Wages up, jobs up... maybe the Great Depression wasn't quite as depressing as they'd have us believe
The left continues to rubbish the Office for Budget Responsibility's forecast of 2m new private sector jobs by 2015-16. This morning the BBC's Evan Davis described it as "quite a claim", and according to the Grun, Alan Budd is going to be hauled before the Treasury Select Committee to confess his manifest pro-Tory bias.
But in truth - as we blogged a couple of days ago - Budd's forecasts do no more than suggest a return to the same sort of private sector jobs growth we've seen for at least the last two decades.
The key issue is whether we can trust the private sector to deliver these jobs, given the uncertain international background. We're with Budd in believing we can, but the left reckons we can't, and warns of a second Great Depression if we and others push ahead with fiscal retrenchment.
Which is why we've taken a closer look at what actually happened to jobs growth during the Great Depression itself. Because as our previous blog noted, despite the Depression, during the early 1930s the number of jobs actually increased.
The chart above shows what happened to total employment throughout the 1920s and 1930s*. And as we can see, it was on a rising trend throughout the period, driven by the private sector.
To be sure, the onset of the Depression in 1929/30 brought a significant fall in employment with about 1m jobs lost. But within 3 years, employment was growing again. And within 5 years it has surpassed its 1929 peak. All driven by the private sector (this was pre-rearmament, and took place despite the fiscal restraint imposed by MacDonald's government).
So how was it done?
In a nutshell, monetary policy was loosened substantially, with interest rates cut from 6% to 2% (Bank Rate), and sterling depreciated by about 30% (only possible because we abandoned the Gold Standard). And that - along with the fact that no British banks were allowed to fail - was enough to save us from worst ravages of the global downturn. Despite the fact that world trade fell by a whopping 66% between 1929 and 1934.
Which is all encouragingly similar to where we find ourselves today. Yes, there's pain, and yes, jobs are still being lost. But official interest rates are even lower than they were during the Depression, sterling has depreciated by about 25%, and no British bank has been allowed to default on its deposits. What's more, although world trade fell 11% last year, the OECD expects it to grow by 11% this year with another 8% to come next. The key conditions for a decent UK private sector revival are already in place.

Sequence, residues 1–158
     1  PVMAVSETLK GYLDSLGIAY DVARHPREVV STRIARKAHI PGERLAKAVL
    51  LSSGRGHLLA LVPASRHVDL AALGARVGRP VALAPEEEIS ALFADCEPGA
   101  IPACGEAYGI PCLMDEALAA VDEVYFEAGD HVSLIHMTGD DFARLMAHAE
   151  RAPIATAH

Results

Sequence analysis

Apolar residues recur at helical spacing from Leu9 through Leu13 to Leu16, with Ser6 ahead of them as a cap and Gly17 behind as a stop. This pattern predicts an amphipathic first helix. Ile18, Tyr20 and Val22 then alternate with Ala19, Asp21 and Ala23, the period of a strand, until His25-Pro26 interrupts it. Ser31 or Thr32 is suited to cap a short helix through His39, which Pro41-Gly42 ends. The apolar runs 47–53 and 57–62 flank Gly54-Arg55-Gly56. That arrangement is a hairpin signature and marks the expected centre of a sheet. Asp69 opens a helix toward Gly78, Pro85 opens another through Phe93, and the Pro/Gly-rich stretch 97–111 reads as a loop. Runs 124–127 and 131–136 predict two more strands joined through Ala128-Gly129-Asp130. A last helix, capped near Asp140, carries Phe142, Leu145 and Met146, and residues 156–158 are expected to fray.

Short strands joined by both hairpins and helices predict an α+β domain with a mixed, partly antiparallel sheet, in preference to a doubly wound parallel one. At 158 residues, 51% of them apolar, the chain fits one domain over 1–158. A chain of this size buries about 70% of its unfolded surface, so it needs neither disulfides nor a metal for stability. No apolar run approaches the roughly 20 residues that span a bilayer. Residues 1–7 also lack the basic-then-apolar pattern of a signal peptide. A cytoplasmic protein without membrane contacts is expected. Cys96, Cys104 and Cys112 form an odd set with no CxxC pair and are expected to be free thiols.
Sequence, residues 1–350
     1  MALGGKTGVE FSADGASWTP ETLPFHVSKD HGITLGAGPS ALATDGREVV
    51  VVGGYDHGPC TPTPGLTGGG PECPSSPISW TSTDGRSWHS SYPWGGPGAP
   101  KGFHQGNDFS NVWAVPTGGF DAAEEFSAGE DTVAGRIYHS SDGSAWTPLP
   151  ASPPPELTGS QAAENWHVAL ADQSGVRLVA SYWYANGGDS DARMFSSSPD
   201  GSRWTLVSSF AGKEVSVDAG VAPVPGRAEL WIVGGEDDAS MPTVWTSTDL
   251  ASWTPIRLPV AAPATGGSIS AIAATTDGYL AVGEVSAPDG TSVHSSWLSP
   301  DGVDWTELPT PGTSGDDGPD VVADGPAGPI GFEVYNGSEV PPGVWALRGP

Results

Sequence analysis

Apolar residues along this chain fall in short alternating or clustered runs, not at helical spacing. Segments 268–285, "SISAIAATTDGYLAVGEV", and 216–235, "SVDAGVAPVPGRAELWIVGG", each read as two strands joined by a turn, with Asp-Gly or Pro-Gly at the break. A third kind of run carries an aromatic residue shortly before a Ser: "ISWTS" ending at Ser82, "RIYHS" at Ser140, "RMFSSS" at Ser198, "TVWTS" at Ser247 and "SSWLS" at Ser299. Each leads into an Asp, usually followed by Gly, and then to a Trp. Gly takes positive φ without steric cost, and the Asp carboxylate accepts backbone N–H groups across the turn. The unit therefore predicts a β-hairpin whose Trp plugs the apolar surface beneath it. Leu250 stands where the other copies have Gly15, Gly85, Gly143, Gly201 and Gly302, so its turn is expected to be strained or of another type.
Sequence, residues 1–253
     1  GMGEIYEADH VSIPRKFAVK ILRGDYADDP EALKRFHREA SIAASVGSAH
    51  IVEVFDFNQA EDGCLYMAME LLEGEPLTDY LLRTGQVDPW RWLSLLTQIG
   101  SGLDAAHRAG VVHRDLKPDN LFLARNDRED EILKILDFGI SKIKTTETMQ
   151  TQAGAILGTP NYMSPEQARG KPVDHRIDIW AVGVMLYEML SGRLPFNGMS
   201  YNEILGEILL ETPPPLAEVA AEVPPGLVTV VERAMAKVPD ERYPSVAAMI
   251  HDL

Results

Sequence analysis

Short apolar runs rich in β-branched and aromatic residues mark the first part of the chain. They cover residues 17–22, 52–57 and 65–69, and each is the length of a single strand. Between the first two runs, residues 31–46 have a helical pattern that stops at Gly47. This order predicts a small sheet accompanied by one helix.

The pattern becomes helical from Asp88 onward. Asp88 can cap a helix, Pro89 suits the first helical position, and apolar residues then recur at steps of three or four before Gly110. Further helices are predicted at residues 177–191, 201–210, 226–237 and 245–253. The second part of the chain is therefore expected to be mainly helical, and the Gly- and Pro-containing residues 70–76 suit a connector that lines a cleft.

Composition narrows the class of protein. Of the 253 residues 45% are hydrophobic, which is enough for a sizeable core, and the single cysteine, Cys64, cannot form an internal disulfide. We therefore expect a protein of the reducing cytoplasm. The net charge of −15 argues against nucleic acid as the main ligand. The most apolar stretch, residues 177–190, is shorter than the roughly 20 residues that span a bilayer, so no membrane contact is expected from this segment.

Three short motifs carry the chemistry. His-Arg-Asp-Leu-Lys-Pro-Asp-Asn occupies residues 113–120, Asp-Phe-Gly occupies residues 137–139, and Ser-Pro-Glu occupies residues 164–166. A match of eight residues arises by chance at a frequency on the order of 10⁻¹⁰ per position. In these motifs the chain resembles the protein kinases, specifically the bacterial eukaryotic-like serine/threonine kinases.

Of course, Cam and George do need to help the private sector create the jobs we need, by implementing the tax cuts and other measures summarised in our previous blog.
But the left's warnings of a second Great Depression are not only wildly overstated, they also ignore the inconvenient fact that UK jobs actually increased during the first one.
PS I know what you're thinking - if there were so many jobs being created during the Depression, how come there was so much unemployment? Well, as always, the new jobs were in the new industries (like cars), and they were not generally located in the same areas as the old declining industries. But abstracting from that, the reason that jobs growth did not shorten the aggregate dole queue back to 1929 levels until almost the onset of WW2 was that the working population was also growing quite rapidly. So while a net 0.6m new jobs were created between 1929 and 1935, the working population grew by around 1.4m. Which just goes to show how rapid population growth may not be the blessing the left make out when they're promoting mass immigration. (There was also the small matter of real wages being stuck at too high a level to clear the market. As described in the book referenced below, reductions in working hours following WW1 had cut worker productivity but had not been matched by pay cuts, so costs per worker increased, making them less attractive to employ. And this problem was compounded by a substantial increase in unemployment benefits, which effectively put a higher floor under wage rates... unless you're a Keynesian of course, in which case you ignore market economics and put the whole thing down to deficient demand and a lack of deficit spending.)
*Footnote - The chart is copied from The Cambridge Economic History of Modern Britain, Vol II, Ch 13. Well worth a read if you like that kind of thing.